On being a columnist for a small-town newspaper
Three months into this, I’ve decided that being a columnist for The Smoky Mountain News is potentially more challenging than being one for The New York Times. I’ve never been a columnist for a big-city publication, but I bet it’s easier to get lost in a sea of fast-paced New Yorkers after a contentious or honest column than it is to walk into Joey’s Pancake House where one knows half the occupancy. Growing up in Weaverville, I’m no stranger to the small-town vibe, a vibe that’s both comforting and precarious.
Comforting in that kids have five sets of parents. With carpooling, birthday parties, sports and dance practices, vacations, sleepovers, parades, ballgames and the local pool, all adults chip in to take care of whichever kids end up in their car or at their house that day. Comforting in that the same students sit in classrooms together from kindergarten through twelfth grade. Comforting in knowing a walk down Main Street means friendly waves and chatting with familiar faces.
Precarious in that gossip abounds. Rumors spread. Precarious in that neighbors and “friends” are quick to judge if someone makes a moral mistake or bucks the status quo. Precarious in that the same students sit in classrooms together from kindergarten through twelfth grade. Precarious in that walking down Main Street leaves no room for anonymity.
Living in a small town can be both tricky and rewarding.
Most of the time.
When I first started writing this column, our editor Scott McLeod used the word “edgy” when describing what he was looking for. In my very first piece, I described my conversation with him and within 24 hours of publication, I received this comment in an email.
“This is just a quick query. I am wondering whether you will be able to address the bigger picture in your columns? For instance persistent contrails in our skies, sometimes called “chemtrails”? Can you discuss GMOs and Monsanto, or fluoride in our drinking water in your edginess?”
I remember just starting at the screen and wondering if this comment was a joke. Then I Googled “chemtrails” and in case you are curious as well, chemtrails are long-lasting trails left in the sky by high-flying aircraft carrying chemical or biological agents deliberately sprayed for sinister purposes undisclosed to the general public, according to the Internet, that is.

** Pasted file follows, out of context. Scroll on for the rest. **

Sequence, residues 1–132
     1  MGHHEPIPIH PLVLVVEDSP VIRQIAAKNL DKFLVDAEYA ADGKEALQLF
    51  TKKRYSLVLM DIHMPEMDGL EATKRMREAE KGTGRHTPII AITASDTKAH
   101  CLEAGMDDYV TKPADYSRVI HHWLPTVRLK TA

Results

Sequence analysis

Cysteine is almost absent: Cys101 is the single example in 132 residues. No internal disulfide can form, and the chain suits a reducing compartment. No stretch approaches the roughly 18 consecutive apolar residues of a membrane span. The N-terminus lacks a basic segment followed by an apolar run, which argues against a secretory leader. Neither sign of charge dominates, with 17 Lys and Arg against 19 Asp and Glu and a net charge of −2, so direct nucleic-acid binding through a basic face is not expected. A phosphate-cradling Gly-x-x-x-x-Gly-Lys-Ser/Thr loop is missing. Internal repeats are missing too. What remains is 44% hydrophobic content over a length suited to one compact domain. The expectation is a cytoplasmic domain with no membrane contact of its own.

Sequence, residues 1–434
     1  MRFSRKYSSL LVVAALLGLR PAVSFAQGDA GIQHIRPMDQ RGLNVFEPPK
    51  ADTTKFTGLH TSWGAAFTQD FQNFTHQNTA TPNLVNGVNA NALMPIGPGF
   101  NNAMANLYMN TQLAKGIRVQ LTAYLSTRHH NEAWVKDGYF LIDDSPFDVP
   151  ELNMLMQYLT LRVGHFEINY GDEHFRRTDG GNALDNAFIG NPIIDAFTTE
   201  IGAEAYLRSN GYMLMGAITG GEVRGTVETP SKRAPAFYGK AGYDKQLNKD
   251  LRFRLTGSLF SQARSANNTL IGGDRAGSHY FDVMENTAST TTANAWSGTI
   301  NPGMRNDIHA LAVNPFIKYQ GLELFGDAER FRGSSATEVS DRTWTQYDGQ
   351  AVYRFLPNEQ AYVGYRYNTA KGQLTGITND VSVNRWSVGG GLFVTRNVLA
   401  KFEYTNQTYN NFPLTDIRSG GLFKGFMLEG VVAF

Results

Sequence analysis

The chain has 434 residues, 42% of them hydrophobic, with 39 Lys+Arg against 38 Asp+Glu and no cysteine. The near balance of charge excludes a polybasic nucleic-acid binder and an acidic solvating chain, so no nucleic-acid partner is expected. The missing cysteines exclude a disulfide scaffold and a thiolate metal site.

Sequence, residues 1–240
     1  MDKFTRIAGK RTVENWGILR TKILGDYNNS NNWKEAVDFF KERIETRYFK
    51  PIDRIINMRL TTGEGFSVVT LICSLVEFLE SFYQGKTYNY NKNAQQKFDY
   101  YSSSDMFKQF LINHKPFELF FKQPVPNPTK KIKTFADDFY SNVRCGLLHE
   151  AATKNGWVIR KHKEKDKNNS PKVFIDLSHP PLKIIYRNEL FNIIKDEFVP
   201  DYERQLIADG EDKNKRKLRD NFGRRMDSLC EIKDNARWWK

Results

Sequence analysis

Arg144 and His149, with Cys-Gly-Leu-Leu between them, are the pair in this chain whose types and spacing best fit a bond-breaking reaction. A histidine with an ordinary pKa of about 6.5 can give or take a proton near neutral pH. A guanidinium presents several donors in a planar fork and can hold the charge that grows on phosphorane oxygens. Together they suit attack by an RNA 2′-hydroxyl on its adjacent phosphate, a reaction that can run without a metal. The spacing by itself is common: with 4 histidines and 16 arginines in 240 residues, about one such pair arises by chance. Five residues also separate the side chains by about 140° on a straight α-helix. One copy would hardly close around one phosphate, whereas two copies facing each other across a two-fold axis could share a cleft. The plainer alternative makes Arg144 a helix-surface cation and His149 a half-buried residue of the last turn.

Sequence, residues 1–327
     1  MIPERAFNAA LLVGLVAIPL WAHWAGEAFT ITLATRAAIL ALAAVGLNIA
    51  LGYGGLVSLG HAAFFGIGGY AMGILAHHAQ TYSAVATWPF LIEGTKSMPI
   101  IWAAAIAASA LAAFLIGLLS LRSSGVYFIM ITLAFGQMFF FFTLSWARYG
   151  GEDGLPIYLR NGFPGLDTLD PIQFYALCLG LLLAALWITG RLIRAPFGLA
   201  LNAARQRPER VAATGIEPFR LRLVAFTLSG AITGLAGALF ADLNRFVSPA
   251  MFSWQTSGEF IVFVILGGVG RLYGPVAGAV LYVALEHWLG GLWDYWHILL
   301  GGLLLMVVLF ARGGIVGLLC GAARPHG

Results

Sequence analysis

With my first reader comment as a Smoky Mountain News columnist being that far-fetched, I decided anything was possible and from that point, I pulled on my big girl pants and said to myself, “Let’s do this, sister.”
Four weeks ago I wrote about cutting a skin tag off my husband’s face with a paring knife and the hard work it takes to make a marriage work. People liked this column and said it made them laugh. Others said they appreciated the honesty with which I wrote about the entangled beautiful mess that is matrimony.
Then came my Donald Trump column.
I now know that if I want to get a discussion stirred up, I need to write about politics. The funny thing is I’m not really a politically minded person; I just wrote the column from my heart and used a few editorial citations to support my statements.
A number of people have approached me in person to commend my honesty, and many of my emails about the Trump column were heartfelt and kind, thanking me for stating what they also feel.
Some opposing comments were clear and warranted while others were slanderous and hateful.
One Trump-supporting gentlemen and I had a very sincere email exchange that began with a rude comment on his part. In the end, I felt like we both had more understanding of opposing views.
The difference between my column and a political column in the N.Y. Times is that I know the people who are commenting. Many of the names on the SMN Facebook page are very familiar. I’m not a national columnist where some random person from a far-off place is bashing me.
After reflecting upon all of this, I’ve decided that it doesn’t bother me as much as I thought it would. I actually like the comments. I like that people have opinions, and I truly appreciate when people can articulate their opinions in an intelligent way without the use of vulgar language and cutting words. Apparently, this is a challenging feat for some.
Despite the fact that I love to travel and feel I have a global perspective on most things, at the end of the day, I’m a small-town girl. Always have been, always will be. I grew up in a town so similar to Waynesville it’s eerie. And both towns mean the world to me.
I want my two little boys to grow up respecting other people’s opinions, even if it differs from their own. I also feel like that’s what a columnist must do, especially in a place where everyone knows your name.